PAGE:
The MacGillivray’s warbler (Geothlypis tolmiei) is a warbler species found in the New World. These birds are lethargic and heavy warblers, preferring to stay on or on the ground most of the time, save when singing.
Quick Overview: Geothlypis Tolmiei – MacGillivray’s Warbler
Body size: Around 5.25 in (13 cm) and a weight of 11 g (0.4 oz)
Main colors: Olive-Green, Yellow, White, Gray
Range: Western United States
Migratory Bird: Yes
Best time of the year to see in the U.S.: June, July, August, September
Conservation Status: Least Concern
MacGillivray’s Warbler Description
Olive-green upperparts and yellow underparts distinguish this medium-sized warbler. The white eye-ring has been broken, and the slate-gray hood has been extended over the upper breast, where it darkens to black.
These birds have a length of 5.25 in (13 cm) and a weight of 11 g (0.4 oz). Their wings could range from 8.25 in (21 cm).
Throughout the rest of the world, prey species include click, dung, and flea beetles, as well as alfalfa weevils and caterpillars.
Coniferous forest edges, burns, brushy cuts, or second-growth alder thickets and streamside vegetation are preferred environments.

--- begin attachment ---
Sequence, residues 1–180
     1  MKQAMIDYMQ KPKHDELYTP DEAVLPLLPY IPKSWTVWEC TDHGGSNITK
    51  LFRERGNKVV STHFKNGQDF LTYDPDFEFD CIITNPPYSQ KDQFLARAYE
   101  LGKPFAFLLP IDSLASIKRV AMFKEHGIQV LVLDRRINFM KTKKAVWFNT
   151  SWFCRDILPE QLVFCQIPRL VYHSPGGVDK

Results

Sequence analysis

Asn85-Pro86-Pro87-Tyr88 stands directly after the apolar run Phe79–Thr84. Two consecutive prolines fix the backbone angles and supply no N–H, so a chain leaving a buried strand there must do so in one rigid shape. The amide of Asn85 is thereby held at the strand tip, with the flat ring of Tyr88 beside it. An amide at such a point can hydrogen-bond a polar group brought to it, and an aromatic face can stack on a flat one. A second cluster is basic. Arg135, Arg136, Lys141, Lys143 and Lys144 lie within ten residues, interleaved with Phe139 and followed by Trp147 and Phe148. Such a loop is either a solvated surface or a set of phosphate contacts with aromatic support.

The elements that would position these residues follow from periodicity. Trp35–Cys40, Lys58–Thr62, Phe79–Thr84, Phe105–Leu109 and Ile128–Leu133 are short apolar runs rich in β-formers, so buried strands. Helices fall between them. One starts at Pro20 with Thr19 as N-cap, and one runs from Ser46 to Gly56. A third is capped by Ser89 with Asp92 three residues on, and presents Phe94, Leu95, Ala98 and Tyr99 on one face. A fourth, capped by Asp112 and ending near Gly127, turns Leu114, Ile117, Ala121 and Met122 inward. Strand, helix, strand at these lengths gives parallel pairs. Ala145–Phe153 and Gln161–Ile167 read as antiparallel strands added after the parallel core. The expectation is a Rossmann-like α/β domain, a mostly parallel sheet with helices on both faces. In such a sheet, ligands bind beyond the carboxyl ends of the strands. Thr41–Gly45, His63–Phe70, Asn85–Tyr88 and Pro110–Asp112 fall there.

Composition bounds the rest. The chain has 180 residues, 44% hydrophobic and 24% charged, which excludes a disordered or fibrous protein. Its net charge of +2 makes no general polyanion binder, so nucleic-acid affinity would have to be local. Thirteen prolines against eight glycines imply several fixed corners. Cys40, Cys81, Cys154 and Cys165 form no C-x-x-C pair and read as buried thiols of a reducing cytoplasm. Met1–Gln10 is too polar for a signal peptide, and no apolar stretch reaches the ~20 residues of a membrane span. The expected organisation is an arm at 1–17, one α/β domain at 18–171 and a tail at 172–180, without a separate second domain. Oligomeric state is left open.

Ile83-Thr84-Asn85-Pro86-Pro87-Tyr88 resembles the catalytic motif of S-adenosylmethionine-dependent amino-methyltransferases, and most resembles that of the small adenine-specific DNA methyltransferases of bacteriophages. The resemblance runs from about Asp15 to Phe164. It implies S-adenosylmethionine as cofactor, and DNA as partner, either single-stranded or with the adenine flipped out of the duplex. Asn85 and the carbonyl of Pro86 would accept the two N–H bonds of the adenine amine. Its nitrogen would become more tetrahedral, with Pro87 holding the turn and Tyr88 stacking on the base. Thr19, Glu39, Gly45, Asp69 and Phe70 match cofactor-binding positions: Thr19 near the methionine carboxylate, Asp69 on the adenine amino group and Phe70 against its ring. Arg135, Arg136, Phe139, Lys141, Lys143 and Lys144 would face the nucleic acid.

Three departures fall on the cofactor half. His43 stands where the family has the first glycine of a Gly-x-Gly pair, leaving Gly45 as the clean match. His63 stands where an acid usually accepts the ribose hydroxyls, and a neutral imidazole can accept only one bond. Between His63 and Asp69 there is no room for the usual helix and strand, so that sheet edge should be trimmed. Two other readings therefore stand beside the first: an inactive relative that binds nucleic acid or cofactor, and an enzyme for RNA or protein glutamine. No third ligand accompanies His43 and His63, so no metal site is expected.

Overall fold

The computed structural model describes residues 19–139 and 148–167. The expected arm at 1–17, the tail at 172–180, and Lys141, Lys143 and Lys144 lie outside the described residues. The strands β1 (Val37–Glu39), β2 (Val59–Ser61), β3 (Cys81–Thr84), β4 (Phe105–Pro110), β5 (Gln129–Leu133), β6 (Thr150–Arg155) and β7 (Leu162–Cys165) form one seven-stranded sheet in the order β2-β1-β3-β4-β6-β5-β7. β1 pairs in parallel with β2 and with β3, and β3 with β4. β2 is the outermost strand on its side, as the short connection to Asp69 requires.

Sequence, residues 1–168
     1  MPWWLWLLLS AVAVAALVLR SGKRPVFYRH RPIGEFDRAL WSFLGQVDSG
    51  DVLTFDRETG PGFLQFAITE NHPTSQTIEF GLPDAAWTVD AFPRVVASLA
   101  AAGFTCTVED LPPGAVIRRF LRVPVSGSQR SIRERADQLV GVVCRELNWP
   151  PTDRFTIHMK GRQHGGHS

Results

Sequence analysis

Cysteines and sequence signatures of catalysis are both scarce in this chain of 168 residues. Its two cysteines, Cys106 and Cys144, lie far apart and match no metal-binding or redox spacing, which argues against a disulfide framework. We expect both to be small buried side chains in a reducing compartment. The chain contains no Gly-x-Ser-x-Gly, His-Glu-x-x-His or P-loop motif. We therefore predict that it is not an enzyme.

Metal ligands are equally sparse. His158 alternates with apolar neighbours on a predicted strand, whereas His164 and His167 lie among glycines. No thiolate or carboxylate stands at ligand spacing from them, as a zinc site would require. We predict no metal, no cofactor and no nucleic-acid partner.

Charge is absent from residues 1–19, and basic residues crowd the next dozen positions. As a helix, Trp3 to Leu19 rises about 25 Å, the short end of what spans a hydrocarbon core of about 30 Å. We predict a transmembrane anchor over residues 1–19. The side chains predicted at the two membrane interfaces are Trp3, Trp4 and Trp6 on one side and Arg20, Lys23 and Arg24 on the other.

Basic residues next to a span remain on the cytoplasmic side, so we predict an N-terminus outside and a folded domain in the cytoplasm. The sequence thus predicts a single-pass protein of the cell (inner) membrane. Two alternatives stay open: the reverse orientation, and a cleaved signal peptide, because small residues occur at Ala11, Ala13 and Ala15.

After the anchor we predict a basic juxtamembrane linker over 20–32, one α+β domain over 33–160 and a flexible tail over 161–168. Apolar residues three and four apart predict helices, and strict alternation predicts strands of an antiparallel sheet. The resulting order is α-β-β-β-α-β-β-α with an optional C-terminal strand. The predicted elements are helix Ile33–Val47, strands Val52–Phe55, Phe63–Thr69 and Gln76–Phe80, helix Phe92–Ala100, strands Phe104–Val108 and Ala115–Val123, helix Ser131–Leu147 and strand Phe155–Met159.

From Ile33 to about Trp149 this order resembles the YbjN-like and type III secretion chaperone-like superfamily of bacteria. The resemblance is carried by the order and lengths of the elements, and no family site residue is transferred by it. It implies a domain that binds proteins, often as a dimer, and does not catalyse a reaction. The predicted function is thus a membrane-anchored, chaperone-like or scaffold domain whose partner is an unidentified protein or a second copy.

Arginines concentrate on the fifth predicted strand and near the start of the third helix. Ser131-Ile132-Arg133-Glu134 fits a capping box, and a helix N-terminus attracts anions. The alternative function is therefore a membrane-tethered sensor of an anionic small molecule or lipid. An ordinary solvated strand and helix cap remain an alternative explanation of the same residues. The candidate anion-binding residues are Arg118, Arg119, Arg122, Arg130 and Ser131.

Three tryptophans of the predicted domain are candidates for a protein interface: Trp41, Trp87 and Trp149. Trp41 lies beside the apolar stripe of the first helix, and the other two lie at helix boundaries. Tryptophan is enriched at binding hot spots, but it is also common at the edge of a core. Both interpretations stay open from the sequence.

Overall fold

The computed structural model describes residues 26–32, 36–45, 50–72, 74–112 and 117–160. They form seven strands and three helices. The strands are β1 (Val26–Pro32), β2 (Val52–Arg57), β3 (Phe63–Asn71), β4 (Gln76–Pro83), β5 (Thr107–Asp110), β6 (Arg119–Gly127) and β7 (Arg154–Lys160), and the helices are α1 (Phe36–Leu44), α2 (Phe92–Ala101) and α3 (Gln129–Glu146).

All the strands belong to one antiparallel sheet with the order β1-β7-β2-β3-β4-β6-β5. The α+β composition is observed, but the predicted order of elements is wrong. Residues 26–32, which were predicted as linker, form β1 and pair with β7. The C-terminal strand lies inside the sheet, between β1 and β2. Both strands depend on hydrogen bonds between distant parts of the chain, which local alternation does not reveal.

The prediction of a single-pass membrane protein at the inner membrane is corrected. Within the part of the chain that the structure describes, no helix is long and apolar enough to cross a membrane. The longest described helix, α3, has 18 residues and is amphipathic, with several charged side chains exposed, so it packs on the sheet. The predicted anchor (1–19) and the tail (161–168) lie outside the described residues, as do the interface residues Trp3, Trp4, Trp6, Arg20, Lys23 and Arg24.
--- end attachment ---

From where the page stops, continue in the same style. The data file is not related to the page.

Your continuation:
It forages on or near the ground for insects. It frequently flicks its tail from side to side as it hops.
Geothlypis Tolmiei Scientific Classification
- Kingdom: Animalia
- Phylum: Chordata
- Class: Aves
- Order: Passeriformes
- Family: Parulidae
- Genus: Geothlypis
- Species: Geothlypis tolmiei
Best time of the year to see
The best time to see these birds in the United States is during the summer season (June – September).
Distribution of the MacGillivray’s Warbler in the USA
From the Northwest Territories and southeastern Alaska to northern Mexico, this long-distance Neotropical migrant breeds at low to moderate elevations among the Rocky and Sierra highlands.
The MacGillivray’s Warbler can be found in the following states in the United States – Arizona, Colorado, California, Oregon, Washington, Nevada, Kansas, Idaho, Montana, Wyoming, Utah, Texas, Nebraska, New Mexico, and Oklahoma.